Last year, or maybe the year before, Mama put together an Advent family worship guide for our family using, primarily, George Grant and Greg Wilbur’s book, Christmas Spirit. We’re doing it again this year, and it is really great. I love the way they pull in Christian history and great quotes from historical figures. Last night’s readings were on Christmas traditions, and I wanted to post some excerpts, even while knowing that these traditions are rather controversial in some of my circles.

I’ll start with one of my favorite G.K. Chesterton quotes:

Most sensible people say that adults cannot be expected to appreciate Christmas as much as children appreciate it. But I am not sure that even sensible people are always right; and this has been my principle reason for deciding to be silly – a decision that is now irrevocable. It may be because I am silly, but I rather think that, relatively to the rest of the year, I enjoy Christmas more than I did when I was a child. My faith demands that such be the case. The more mature I become the more I need to embrace the joys of the incarnation. The more mature I become, the more I need to be a child.

I love that.

Here’s a worldview section from the book that I also love (I apologize about the length. I tried to split it up and/or cut it off, but it was all just too good!):

Through the centuries, the traditions associated with Nicholas have proven to be an inducement to steer clear of the twin pitfalls and pratfalls of materialism and asceticism. In the midst of the whirling change of the modern world, we need those traditions more than ever. The efficacy of tradition to offer stability, continuity, and guidance is indubitable. Connections to the past are the only sure leads to the future. Thus the realm of the tradition is not just the concern of historians and social scientists. It is not the lonely domain of political prognosticators and ivory tower academics. It is the very stuff of life. And, in fact, it is the very stiff of faith. Indeed, the Bible put a heavy emphasis on historical awareness – not at all surprising considering the fact that the vast proportion of its own contents record the dealings of God with men and nations throughout the ages. …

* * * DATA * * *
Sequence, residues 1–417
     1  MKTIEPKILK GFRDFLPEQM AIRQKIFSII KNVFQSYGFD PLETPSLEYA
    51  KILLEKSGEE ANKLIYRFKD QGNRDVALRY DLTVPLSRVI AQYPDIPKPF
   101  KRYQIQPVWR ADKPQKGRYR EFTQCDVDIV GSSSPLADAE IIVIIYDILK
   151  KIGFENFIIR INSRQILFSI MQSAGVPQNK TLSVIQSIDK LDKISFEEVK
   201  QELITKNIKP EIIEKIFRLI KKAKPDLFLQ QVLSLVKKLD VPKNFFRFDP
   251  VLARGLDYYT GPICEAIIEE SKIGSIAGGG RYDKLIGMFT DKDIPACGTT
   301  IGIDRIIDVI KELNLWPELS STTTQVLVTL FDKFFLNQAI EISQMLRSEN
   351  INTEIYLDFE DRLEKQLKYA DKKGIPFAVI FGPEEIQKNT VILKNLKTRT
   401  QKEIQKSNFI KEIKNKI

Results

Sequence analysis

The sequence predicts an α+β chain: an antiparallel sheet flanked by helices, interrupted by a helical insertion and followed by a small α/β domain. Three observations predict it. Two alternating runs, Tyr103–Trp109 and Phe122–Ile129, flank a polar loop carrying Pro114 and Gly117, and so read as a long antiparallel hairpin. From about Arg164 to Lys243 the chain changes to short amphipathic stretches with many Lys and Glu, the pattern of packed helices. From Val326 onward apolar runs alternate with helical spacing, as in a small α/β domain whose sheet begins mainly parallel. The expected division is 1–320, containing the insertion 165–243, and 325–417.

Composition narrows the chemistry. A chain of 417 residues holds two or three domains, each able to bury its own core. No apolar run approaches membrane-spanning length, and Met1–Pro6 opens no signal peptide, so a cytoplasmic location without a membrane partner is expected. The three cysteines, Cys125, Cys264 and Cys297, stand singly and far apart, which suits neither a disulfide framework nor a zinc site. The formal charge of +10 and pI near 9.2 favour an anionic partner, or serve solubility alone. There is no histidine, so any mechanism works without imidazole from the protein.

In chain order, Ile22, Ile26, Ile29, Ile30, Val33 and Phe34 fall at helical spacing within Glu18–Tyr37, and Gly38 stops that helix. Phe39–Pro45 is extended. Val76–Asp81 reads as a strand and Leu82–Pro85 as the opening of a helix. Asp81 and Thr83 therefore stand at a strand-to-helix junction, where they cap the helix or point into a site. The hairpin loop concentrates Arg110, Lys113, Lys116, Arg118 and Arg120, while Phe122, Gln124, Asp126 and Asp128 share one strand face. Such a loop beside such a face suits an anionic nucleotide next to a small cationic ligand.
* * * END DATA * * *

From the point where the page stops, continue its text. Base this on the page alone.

Indeed, He believed that remembrance and forgetfulness were the measuring rods of faithfulness throughout the entire canon of Scripture – that is why the Bible makes it plain that there are only two kinds of people in the world: effectual doers and forgetful hearers.

We are enamored of progress. We are living [in] a time when things shiny and new are prized far above things old and timeworn. For most of us, tradition is little more than a quirky and nostalgic sentimentalism. It is hardly more than the droning, monotonous succession of obsolete notions, anachronistic ideals, and antiquarian habits, sound and fury, signifying nothing. Henry Ford called an awareness of history and an appreciation for the past mere “bunk.” Augustine Birrell called it “a dust heap.” Guy de Maupassant dubbed it “that excitable and lying old lady.” But many of the wisest of men and women through the ages have recognized that tradition is a foundation upon which all true advancement must be built – that it is in fact, the prerequisite to all genuine progress.

Stable societies must be eternally vigilant in the task of handing on their great legacy – to remember and then to inculcate that remembrance in the hearts and minds of their children. Alas, any people who did not know their own history, would simply have to endure all the same mistakes, sacrifices, and absurdities all over again.

Sadly, such lessons are very nearly lost on us in the odd to-whom-it-may-concern, instant-everything day of microwavable meals, prefab buildings, bottom-rung bureaucracy, fit-for-the-market education, knee-jerk public misinformation, and predigested formula entertainment. Thus temporary expediencies supersede permanent exigencies.

Christmas traditions, like those that revolve around the character of Nicholas of Myra, may well be abused by modern marketers and commercial concerns. But they can also be powerful inducements to remember the things which matter most. They can be the means by which beauty, goodness, and truth come to prevail in our homes, our communities, and our land.

And so, with that, I will decorate. I will celebrate. I will remember.